Abstract: The exploration of quantum algorithms that possess quantum advantages is a central topic in quantum computation and quantum information processing. Quantum machine learning is one of the
most promising candidates in this area. Numerous quantum machine learning algorithms have been proposed in the past decade, which achieve quadratic or even exponential speedup over their classical
counterparts. However, enormous quantum computational resources are required to implement such algorithms, which are unaffordable for near-term quantum devices. It remains obscure if there
exists any quantum algorithm that can be efficiently implement on near-term quantum devices with potential quantum advantages. To address this issue, we propose two learning schemes, the
quantum nonlinear classification learning scheme and quantum generative adversarial learning scheme, to benefit classical machine learning and quantum information processing, respectively.
For the former scheme, the main ingredients are variational quantum perceptron (VQP) and a quantum generalization of classical ensemble learning. VQP employs parameterized quantum
circuits to learn an amplitude amplification operation with classical optimization. A stronger nonlinear classifier can be established by combining a set of VQPs using a subsampling method,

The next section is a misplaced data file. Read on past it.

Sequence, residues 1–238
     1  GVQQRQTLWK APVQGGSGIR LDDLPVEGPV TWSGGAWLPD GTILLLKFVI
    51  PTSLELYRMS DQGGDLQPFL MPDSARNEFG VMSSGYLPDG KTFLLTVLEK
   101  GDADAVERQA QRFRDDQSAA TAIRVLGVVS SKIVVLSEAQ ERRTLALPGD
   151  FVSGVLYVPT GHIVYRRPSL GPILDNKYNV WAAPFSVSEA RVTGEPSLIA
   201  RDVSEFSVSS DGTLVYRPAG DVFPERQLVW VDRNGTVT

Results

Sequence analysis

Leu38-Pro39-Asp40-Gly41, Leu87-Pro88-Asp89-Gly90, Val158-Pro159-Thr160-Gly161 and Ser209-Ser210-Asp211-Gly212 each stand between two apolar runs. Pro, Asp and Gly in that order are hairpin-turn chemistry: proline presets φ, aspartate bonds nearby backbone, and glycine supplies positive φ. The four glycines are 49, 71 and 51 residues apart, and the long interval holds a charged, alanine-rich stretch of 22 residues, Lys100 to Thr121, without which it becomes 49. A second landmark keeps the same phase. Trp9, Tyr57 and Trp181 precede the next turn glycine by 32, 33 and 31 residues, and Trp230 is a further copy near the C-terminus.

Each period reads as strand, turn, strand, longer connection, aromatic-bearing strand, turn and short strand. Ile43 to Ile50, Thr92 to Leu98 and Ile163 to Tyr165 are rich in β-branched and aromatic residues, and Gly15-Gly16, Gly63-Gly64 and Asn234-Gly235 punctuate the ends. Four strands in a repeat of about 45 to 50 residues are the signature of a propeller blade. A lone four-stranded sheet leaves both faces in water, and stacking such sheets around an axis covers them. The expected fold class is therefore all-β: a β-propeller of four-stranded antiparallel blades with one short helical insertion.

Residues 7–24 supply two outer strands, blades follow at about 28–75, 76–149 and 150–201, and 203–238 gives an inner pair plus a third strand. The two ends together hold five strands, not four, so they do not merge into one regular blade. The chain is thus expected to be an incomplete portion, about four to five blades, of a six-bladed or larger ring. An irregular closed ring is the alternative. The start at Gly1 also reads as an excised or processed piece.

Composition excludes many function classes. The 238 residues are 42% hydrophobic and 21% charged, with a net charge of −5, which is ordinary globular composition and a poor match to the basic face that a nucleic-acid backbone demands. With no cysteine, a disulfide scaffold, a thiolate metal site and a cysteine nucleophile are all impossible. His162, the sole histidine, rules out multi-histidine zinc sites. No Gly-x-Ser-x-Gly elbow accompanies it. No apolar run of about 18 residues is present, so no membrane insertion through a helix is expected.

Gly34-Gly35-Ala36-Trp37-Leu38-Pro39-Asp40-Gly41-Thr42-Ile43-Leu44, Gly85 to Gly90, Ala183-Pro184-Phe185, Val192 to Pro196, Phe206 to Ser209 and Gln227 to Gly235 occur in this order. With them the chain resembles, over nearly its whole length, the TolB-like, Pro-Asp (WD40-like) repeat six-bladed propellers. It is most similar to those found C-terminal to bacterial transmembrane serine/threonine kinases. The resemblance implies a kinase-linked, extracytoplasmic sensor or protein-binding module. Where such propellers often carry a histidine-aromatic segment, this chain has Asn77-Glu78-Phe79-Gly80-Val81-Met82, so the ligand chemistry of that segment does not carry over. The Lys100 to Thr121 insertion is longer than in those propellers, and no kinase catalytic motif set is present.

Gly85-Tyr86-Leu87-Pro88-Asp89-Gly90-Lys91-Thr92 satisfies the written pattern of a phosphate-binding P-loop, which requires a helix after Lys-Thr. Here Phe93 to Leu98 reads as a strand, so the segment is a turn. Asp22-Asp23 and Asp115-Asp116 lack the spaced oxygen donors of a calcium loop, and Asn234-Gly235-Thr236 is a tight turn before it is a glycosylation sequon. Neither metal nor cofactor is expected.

which has potential to achieve quadratic speedup in computational complexity compared to its classical counterparts. A favorable result of this scheme is that it can process large-scale data
on current quantum devices. For the latter scheme, the core concept is the reformulation of a given quantum information processing task, e.g., entanglement test and state discrimination, as a
quantum adversarial game. The reformulated quantum adversarial game enables efficient solutions, attributed to that the optimization function is convex and the required number of measurements is
exponentially reduced over conventional methods. This scheme can be efficiently implemented on parameterized quantum circuits with a certain architecture with classical optimization. We conduct
several numerical simulations to validate the performance of the above two schemes.